O Adonai, and leader of the house of Israel,
who appeared to Moses in the fire of the burning bush
and gave him the law on Sinai:
Come and redeem us with an outstretched arm.
"Jesus", says the book of Jude, "saved a people from Egypt". I once had to write an essay on the tedious question of how the Exodus and Sinai traditions became associated in the Pentateuch - the assumption behind which was, of course, that they were not originally connected. (And the assumption behind that was that neither of them happened anyway) I wanted to write that sentence from Jude as my answer. In the end, I wrote something longer, but hopefully it was to the same effect.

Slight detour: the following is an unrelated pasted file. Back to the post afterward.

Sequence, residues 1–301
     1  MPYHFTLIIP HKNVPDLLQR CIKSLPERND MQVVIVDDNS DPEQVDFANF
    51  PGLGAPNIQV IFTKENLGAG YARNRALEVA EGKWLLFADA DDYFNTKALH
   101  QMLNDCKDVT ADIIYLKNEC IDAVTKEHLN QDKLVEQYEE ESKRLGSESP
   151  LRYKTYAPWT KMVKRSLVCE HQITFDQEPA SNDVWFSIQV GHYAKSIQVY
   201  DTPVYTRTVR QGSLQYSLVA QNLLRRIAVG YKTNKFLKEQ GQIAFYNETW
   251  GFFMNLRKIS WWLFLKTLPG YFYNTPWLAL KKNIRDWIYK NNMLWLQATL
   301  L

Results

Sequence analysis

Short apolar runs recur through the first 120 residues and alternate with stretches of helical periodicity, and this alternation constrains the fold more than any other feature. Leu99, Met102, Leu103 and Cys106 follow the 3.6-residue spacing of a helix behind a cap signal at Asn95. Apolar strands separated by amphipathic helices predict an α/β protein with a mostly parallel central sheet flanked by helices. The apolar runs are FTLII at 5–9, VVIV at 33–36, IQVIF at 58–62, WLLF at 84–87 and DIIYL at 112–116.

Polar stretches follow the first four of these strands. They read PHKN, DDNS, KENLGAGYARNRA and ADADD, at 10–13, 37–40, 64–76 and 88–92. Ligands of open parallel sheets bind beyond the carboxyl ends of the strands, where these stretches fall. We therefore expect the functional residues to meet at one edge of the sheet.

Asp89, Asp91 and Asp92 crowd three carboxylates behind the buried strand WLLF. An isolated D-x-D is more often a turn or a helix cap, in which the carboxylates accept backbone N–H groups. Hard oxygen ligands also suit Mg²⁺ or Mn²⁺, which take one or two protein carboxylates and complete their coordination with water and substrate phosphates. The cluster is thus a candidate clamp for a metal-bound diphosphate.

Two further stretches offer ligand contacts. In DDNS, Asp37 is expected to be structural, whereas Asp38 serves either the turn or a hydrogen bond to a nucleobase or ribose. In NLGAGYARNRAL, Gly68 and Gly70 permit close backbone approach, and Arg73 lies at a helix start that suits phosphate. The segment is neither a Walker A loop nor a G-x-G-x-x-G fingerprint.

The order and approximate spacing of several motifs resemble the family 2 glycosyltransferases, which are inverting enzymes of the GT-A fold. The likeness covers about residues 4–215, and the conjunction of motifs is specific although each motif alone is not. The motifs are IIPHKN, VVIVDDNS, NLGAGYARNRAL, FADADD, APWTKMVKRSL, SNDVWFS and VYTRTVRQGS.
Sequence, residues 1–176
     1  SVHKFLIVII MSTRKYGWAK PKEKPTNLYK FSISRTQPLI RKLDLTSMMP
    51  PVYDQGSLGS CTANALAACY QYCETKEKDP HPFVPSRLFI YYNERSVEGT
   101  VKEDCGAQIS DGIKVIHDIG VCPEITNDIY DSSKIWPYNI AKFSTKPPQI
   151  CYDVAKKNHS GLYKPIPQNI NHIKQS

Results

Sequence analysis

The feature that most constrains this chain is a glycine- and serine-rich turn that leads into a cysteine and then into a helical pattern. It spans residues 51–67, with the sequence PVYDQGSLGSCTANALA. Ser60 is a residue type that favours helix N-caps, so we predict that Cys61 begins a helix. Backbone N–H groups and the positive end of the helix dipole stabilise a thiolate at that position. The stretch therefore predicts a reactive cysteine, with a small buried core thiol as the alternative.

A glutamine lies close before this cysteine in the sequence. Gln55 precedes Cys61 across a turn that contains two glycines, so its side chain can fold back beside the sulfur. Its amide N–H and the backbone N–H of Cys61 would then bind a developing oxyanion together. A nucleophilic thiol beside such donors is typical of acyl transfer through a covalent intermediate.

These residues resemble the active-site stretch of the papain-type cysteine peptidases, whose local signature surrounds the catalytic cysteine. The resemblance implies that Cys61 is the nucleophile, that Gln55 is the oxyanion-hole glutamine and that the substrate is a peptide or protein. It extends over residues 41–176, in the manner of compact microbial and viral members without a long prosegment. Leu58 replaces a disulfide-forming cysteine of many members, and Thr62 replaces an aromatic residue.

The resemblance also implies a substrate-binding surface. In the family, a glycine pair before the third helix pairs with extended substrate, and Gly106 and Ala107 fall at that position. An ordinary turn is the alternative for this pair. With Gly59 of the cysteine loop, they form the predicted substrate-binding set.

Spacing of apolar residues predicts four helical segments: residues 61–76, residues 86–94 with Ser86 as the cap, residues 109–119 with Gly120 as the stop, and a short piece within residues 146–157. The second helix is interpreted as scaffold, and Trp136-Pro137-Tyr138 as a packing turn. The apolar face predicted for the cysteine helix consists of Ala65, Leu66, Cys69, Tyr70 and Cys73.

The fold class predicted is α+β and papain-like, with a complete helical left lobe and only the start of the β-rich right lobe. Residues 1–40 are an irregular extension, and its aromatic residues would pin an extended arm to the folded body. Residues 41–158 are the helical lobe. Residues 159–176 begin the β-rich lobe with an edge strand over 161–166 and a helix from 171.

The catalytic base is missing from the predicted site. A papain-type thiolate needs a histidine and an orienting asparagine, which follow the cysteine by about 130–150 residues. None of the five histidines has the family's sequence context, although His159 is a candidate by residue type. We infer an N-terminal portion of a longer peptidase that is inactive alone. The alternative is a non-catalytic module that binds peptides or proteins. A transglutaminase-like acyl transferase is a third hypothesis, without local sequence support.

The connecting theme in the story of the Bible is God Incarnate - Jesus Christ. I am not one of those who thinks that people in OT Israel knew everything that we do about Jesus. I can't see that from Scripture at all. But what I can see is that without Jesus there is a deep ambiguity to the OT story. The OT is full of God's transcendence and presence; it is full of God near and distant. It only makes sense if it ends in Jesus, and if it ends in Jesus it also contains Jesus throughout. Every time we encounter God in the OT, we are encountering the Triune God, and the only way we can understand the interaction of this holy God with the world is in the light of Jesus. When God interacts with human beings in the OT, we are right to see Jesus foreshadowed - and because he is God the Word, not only foreshadowed but personally present in the foreshadowing.